Bickle, Andrew (2008)
      Psychiatric evidence is used to assist in the sentencing of a significant minority of violent and sexual offenders. Historically, indeterminate sentences have been reserved for those offenders demonstrating mental instability. The Criminal Justice Act 2003 ('the Act') introduces a range of new sentences for dangerous offenders and a statutory test of 'dangerousness'. It extends indeterminate sentences to a broader group of offenders and removes much judicial discretion in sentencing violent and sexual offenders. However, in early cases the courts have been disinclined to follow more radical interpretations of the Act. It is contended that in many future cases expert psychiatric evidence will be used to support or undermine the new assumption of dangerousness. It appears that expert psychiatric evidence needs to address risk within the framework and terminology of the Act. This paper will summarise the Act and review the emerging case law relevant to psychiatric evidence before considering the information from which an expert witness will benefit in such cases.
    • The development of CBT programmes for anger: The role of interventions to promote perspective-taking skills

      Howells, Kevin (2008)
      Although the emotion of anger has, in recent years, been the subject of increasing theoretical analysis, there are relatively few accounts of how interventions designed to reduce problematic anger might be related to cognitively oriented theories of emotion. In this review of the literature we describe how a cognitive-behavioural approach to the treatment of those with anger-related problems might be understood in relation to conceptualizations of anger from a cognitive perspective. Three additional interventions (visual feedback, chair-work, forgiveness therapy) are identified that aim to improve the perspective-taking skills of angry clients. It is concluded that such interventions might be considered for use within the context of cognitive-behavioural treatment. © 2008 British Association for Behavioural and Cognitive Psychotherapies.
    • The effectiveness of violence reduction treatment for psychopathic offenders: Empirical evidence and a treatment model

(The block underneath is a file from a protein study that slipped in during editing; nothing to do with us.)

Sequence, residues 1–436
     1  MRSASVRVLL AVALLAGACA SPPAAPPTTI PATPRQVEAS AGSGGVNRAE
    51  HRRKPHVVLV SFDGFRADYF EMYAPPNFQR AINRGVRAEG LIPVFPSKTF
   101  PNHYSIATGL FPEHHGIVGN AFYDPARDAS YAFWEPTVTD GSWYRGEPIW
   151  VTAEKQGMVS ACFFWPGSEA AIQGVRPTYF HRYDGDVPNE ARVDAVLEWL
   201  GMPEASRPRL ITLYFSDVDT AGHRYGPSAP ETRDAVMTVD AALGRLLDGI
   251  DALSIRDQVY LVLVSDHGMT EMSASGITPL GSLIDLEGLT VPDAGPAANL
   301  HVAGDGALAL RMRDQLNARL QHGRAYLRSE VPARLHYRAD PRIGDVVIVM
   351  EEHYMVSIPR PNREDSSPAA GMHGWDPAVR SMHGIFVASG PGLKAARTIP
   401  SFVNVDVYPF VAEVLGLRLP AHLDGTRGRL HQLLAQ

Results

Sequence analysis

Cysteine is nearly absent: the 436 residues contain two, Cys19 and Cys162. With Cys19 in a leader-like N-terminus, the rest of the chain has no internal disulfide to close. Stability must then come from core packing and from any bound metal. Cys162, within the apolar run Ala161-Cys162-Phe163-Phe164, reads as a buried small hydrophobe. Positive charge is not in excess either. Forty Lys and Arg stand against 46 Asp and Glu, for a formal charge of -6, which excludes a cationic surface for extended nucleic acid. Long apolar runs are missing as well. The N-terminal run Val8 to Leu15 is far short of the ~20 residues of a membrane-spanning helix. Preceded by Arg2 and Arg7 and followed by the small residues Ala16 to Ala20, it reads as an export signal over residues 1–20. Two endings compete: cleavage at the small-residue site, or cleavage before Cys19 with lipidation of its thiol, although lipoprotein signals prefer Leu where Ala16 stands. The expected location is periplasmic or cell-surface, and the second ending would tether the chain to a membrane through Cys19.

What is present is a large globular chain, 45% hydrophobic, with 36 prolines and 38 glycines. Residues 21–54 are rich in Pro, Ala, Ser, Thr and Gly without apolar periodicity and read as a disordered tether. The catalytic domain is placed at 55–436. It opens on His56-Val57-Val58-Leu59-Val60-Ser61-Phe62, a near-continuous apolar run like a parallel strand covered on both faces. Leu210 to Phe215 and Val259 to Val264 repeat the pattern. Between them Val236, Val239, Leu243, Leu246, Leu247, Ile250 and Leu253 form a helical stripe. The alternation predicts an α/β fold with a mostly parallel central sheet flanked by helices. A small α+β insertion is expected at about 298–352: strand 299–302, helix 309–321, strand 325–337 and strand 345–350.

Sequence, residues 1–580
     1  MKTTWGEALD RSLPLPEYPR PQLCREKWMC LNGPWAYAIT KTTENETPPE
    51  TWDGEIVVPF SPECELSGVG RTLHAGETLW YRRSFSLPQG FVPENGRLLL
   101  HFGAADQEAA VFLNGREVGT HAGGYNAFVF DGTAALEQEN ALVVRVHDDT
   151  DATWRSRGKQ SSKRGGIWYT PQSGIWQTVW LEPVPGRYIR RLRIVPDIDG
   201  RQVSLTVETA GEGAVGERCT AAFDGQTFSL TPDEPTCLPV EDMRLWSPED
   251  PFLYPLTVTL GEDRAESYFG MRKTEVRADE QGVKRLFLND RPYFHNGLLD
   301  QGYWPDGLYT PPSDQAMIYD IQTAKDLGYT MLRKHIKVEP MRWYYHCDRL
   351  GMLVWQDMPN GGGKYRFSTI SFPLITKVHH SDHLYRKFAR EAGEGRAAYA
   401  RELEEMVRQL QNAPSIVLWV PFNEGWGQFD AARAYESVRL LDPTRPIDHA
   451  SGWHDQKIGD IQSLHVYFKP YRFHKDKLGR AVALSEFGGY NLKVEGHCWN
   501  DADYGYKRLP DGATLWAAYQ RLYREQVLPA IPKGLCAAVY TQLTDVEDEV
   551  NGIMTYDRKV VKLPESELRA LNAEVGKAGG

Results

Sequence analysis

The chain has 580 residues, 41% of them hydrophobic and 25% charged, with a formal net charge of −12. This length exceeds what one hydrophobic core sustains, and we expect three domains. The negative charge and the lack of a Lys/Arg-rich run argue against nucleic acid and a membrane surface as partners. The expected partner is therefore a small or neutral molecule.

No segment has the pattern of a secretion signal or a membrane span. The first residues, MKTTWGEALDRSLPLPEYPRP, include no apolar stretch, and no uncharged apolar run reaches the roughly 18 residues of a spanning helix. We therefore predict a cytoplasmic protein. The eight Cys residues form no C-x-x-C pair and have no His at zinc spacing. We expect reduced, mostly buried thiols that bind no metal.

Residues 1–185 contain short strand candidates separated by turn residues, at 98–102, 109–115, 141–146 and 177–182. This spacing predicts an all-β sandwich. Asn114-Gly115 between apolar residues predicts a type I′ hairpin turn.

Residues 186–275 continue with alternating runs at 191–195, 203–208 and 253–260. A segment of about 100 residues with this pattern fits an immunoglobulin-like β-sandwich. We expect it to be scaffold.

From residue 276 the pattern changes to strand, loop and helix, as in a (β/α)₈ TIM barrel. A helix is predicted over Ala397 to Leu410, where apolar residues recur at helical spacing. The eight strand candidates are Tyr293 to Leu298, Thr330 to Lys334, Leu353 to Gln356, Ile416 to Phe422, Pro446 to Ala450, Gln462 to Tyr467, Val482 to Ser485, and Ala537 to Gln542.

Wong, Stephen C. P. (2012)
      Psychopathy, a personality disorder, is characterized by dysfunctional and externalizing affective and interpersonal traits that can be manifested as violent and antisocial behaviors. Psychopathic individuals are often referred for treatment in criminal justice or forensic mental health settings to reduce the harm they may inflict on themselves and others. While the 'what works' treatment approaches to reduce recidivism and violence have enjoyed widespread support, therapeutic nihilism for psychopathy abounds. A two-component model is proposed to provide a conceptual framework for the treatment of psychopathy. Three studies on the treatment of psychopathic offenders to reduce violence and offending behaviors are reviewed and show positive treatment outcomes. The study results support the efficacy for the treatment of psychopathic individuals and for the proposed model. (PsycINFO Database Record (c) 2016 APA, all rights reserved)
    • The efficacy of violence prediction: A meta-analytic comparison of nine risk assessment tools

      Wong, Stephen C. P. (2010)
      Actuarial risk assessment tools are used extensively to predict future violence, but previous studies comparing their predictive accuracies have produced inconsistent findings as a result of various methodological issues. We conducted meta-analyses of the effect sizes of 9 commonly used risk assessment tools and their subscales to compare their predictive efficacies for violence. The effect sizes were extracted from 28 original reports published between 1999 and 2008, which assessed the predictive accuracy of more than one tool. We used a within-subject design to improve statistical power and multilevel regression models to disentangle random effects of variation between studies and tools and to adjust for study features. All 9 tools and their subscales predicted violence at about the same moderate level of predictive efficacy with the exception of Psychopathy Checklist-Revised (PCL-R) Factor 1, which predicted violence only at chance level among men. Approximately 25% of the total variance was due to differences between tools, whereas approximately 85% of heterogeneity between studies was explained by methodological features (age, length of follow-up, different types of violent outcome, sex, and sex-related interactions). Sex-differentiated efficacy was found for a small number of the tools. If the intention is only to predict future violence, then the 9 tools are essentially interchangeable; the selection of which tool to use in practice should depend on what other functions the tool can perform rather than on its efficacy in predicting violence. The moderate level of predictive accuracy of these tools suggests that they should not be used solely for some criminal justice decision making that requires a very high level of accuracy such as preventive detention. © 2010 American Psychological Association.
    • The efficacy, safety and ethics of the use of testosterone-suppressing agents in the management of sex offending

      Mashru, Asha (2016)
      PURPOSE OF REVIEW: The use of endocrine medications to reduce sexual offending recidivism is established and may involve clinicians from diverse specialities. The present review aims to outline relevant background information and note a Medical Ethics framework upon which to facilitate decision-making.